Walking down the main street through Avila Beach, a small town along the coast of California half way between Los Angeles and San Francisco, you find palm trees lining a promenade laid out with bricks in creative curvy patterns. Trendy shops and restaurants with colorful facades invite pedestrians strolling by.
But if you talk to a local resident, you'll soon learn downtown Avila beach hasn't always been such a bucolic place. In the 1990s, engineers partnered with a multitude of regulatory agencies to accomplish an environmental cleanup that set a new standard for the petroleum industry. And now, the town is emerging from the cleanup, and the rebuilding that accompanied it, to put on a pretty face and reestablish its identity.
As chief administrative planner and engineer for San Luis Obispo County, David Church remembers the enormous emotional impact the undertaking had on the town. "The Avila cleanup project changed not only the town of Avila Beach in a dramatic way, it changed the course of many lives. I have never felt so overwhelmed by a project, yet supported by so many excellent professionals and friends. The people in Avila endured a great hardship to clean up the town. Looking back, it was the best of times and the worst of times."
It all traces back many decades to Unocal, the petroleum giant founded in the late 1800s and known at one time as Union Oil Company. The company became a major part of the economic fabric of California's Central Coast. Just prior to World War II, its Avila Beach operations made the tiny town the world's largest oil port.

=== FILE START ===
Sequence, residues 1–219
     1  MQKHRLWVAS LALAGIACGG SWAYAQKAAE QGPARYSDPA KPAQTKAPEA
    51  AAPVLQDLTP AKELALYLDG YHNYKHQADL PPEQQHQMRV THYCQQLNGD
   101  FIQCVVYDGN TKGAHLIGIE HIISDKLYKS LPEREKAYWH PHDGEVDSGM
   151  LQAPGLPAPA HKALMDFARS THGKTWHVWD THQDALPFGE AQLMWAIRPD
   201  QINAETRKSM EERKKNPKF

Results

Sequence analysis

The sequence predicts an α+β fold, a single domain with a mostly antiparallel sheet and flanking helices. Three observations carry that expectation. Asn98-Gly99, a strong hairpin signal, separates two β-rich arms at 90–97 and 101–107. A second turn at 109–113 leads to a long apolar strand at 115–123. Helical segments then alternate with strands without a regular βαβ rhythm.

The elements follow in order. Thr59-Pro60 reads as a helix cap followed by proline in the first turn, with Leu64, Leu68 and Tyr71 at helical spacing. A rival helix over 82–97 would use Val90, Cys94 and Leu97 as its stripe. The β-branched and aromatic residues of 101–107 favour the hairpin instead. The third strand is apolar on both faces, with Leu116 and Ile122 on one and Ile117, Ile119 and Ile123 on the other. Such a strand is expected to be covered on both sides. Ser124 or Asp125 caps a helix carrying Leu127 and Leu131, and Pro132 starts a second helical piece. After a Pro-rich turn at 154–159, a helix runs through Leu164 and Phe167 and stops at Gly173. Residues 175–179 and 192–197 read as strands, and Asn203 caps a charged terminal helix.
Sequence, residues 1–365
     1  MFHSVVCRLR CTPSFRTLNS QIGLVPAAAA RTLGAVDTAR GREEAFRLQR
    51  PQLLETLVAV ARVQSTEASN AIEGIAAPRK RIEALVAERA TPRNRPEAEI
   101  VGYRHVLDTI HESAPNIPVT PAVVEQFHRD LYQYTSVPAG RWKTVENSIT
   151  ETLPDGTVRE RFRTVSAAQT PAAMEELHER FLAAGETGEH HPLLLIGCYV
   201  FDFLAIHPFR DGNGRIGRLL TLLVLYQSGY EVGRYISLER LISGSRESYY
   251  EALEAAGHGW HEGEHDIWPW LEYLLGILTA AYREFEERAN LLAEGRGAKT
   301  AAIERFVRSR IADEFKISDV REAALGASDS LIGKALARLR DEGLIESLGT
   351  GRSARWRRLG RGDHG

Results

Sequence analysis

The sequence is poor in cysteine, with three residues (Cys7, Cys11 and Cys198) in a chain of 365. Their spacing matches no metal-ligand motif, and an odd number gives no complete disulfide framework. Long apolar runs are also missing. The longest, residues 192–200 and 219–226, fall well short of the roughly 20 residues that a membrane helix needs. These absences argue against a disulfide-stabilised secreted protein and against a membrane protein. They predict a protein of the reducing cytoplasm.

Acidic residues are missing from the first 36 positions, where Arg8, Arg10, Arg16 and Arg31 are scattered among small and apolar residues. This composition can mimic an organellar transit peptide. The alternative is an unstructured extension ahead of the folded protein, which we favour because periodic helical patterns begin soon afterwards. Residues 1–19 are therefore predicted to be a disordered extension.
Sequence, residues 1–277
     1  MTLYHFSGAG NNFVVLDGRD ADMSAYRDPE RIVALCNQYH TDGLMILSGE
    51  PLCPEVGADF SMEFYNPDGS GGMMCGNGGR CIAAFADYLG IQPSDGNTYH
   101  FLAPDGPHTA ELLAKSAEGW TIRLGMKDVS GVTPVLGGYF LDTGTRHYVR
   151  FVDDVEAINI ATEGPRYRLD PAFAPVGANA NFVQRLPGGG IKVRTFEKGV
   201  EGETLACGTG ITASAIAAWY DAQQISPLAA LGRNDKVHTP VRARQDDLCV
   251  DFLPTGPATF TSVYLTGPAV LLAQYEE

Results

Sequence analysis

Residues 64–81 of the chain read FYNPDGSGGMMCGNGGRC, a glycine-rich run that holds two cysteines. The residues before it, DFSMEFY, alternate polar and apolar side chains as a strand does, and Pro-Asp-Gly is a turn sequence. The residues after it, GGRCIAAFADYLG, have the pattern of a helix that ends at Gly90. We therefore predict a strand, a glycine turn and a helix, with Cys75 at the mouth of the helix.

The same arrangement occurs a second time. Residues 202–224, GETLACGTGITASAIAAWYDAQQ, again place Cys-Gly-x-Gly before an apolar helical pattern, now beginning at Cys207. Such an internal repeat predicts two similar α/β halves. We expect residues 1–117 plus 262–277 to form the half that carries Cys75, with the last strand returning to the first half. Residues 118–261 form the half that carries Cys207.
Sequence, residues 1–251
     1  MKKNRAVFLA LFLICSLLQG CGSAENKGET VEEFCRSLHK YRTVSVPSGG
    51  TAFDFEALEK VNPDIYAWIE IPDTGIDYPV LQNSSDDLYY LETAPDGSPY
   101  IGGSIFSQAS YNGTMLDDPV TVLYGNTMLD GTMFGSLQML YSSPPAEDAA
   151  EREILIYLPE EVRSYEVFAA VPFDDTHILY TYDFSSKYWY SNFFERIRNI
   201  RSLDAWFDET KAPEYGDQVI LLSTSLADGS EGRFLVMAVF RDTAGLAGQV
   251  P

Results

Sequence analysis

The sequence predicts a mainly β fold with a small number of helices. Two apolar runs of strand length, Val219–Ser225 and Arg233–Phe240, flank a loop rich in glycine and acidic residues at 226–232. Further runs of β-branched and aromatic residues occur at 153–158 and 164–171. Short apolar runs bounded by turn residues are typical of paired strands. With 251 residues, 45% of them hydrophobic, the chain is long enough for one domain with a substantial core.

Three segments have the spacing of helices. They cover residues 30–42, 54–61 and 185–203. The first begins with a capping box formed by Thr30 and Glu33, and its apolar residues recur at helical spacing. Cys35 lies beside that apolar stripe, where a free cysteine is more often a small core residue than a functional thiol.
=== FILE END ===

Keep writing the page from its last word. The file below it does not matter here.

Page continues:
For 100 years, oil pumped from fields in central and coastal California -- in some cases several hundred miles away -- was piped to huge tanks atop a bluff overlooking Avila Beach. Crude oil, gasoline, and diesel fuel flowed downhill from that storage facility, through pipelines under the town, and out the company pier to waiting tanker ships for transport. Over time, the pipelines leaked, and a huge spill of petroleum products on the order of a half million gallons developed under Avila Beach and began moving toward the ocean.
In 1988, a business owner tried to expand his building and found the lot so heavily pooled with gasoline beneath the surface that testing engineers feared if anyone lit a cigarette, they would all be blown away. In 1977, just such an explosion occurred in the same area when two college students painting their basement apartment were blasted out a window after the pilot on a water heater ignited fumes. A resident connected the two events and became certain the gases had to come from the same source -- pipelines under the street.
Home to fewer than 400 people, Avila Beach has traditionally consisted of a broad range of residents with strong connections to the town and region, including fourth-generation settler families. The first indication of the difficulty lying ahead in reaching cleanup was the fact that many residents were long-time Unocal employees, creating an impossible split in loyalty to home and economics.